Fly Fishing With The Damned Analysis

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The environments that we inhabit affect us in ways that are often ignored. Envision standing high in the mountains with a crisp breeze whispering across your face. Now envision a bustling city, skyscrapers replacing the mountains, as you catch your face reflected in the store windows. Both environments possess a distinct essence of beauty, and yet the beauty is not felt in the same way. Throughout Chris Hoke’s collection of essays titled, WANTED, he considers the impact that any particular environment can have in the lives of inmates and ex-cons. Hoke’s ministry encourages the men to realize the situations they have existed in thus far, and to find a new environment that can become a sacred space of restoration. Although the concept of sacred spaces and the impact they have upon a person’s…show more content…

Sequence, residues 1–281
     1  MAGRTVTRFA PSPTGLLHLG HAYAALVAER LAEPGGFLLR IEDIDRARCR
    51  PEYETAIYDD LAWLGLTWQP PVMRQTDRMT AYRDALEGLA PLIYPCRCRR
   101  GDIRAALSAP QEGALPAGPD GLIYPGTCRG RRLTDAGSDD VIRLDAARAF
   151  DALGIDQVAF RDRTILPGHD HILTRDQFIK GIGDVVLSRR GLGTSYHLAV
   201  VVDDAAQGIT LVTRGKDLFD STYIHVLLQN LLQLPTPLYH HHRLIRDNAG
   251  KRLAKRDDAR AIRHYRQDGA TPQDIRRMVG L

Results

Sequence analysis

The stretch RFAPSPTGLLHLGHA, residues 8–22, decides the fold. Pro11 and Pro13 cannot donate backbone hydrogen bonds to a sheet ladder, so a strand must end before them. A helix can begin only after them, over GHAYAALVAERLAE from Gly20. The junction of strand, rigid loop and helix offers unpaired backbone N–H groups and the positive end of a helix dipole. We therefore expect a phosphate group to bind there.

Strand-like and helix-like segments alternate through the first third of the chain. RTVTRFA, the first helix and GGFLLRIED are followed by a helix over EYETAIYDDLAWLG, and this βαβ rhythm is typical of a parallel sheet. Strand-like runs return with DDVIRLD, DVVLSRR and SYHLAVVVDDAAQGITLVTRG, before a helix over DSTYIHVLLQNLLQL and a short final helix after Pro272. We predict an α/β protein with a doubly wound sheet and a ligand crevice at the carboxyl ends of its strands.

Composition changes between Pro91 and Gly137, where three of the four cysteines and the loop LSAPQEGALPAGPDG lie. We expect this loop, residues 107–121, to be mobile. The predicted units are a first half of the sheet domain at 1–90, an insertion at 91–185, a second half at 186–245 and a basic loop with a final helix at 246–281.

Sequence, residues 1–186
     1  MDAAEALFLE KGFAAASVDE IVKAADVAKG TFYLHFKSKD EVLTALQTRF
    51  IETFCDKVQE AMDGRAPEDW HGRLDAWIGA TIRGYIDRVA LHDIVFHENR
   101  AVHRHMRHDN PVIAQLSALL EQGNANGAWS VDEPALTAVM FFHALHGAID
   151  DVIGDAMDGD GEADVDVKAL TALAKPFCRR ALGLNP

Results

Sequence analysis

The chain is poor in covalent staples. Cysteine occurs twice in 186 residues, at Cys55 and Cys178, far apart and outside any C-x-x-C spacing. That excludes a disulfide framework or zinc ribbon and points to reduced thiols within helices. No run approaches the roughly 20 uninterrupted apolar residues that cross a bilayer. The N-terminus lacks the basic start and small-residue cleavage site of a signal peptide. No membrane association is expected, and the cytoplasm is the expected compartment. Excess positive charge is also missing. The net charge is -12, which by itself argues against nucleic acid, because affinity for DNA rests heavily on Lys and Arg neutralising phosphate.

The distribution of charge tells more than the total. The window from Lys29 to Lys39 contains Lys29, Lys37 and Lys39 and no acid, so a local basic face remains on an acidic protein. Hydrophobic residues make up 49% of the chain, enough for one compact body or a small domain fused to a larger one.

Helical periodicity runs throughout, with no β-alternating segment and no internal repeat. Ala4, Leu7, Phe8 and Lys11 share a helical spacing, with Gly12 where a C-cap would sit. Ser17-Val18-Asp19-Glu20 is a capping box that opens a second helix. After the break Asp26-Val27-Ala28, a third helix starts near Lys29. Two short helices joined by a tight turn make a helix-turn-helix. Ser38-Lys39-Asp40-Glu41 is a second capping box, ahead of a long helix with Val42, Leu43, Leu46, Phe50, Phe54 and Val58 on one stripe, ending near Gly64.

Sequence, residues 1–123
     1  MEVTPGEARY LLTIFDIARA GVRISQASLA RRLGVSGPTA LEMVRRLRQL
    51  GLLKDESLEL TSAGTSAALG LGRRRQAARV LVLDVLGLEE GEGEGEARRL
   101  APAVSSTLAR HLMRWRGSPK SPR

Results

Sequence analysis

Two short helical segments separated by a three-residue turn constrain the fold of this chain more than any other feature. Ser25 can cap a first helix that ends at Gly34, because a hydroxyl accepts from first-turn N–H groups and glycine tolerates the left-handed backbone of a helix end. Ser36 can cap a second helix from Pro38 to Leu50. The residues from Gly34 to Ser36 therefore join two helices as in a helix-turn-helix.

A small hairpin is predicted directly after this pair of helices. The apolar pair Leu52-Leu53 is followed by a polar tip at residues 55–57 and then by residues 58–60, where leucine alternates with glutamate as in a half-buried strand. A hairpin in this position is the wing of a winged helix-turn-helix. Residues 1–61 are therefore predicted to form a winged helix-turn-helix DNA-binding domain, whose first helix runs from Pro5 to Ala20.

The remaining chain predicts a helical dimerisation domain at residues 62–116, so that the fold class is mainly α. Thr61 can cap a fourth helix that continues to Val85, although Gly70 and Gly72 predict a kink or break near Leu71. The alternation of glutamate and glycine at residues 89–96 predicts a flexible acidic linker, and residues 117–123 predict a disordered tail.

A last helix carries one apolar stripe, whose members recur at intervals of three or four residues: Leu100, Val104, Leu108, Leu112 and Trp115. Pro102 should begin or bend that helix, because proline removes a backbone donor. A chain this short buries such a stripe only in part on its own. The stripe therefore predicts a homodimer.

However, Hoke wanted to transfer this concept of sacred space to touch multiple lives. An opportunity arose when Hoke needed a way to stay in contact with the men that no longer received his full attention. In “Fly Fishing with the Damned” Hoke begins fly-fishing with ex-gang members. To his surprise, the excursions along the Skagit River become so popular that whole families began to follow their pilgrimage into the wild. He even takes two men, Juan and Teddy to a fly-fishing class – transplanting their gang loyalties to a passion for nature: a new sacred space. Although they hit some bumps along the way that could have destroyed their new ecosystem, fly-fishing was there to stay. (Fly 134-152). Hoke witnessed something amazing: “Cloaked in different colors, algae green waders worn over the usual colored gang clothes, I watched these boys at peace in a greater wilderness” (Fly 152). Men so accustomed to violence and pain suddenly found themselves awash in the stark beauty of God’s creation; hearts turned hot with rage by a lifetime of ache, found relief in the cool wash of the river over their troubled
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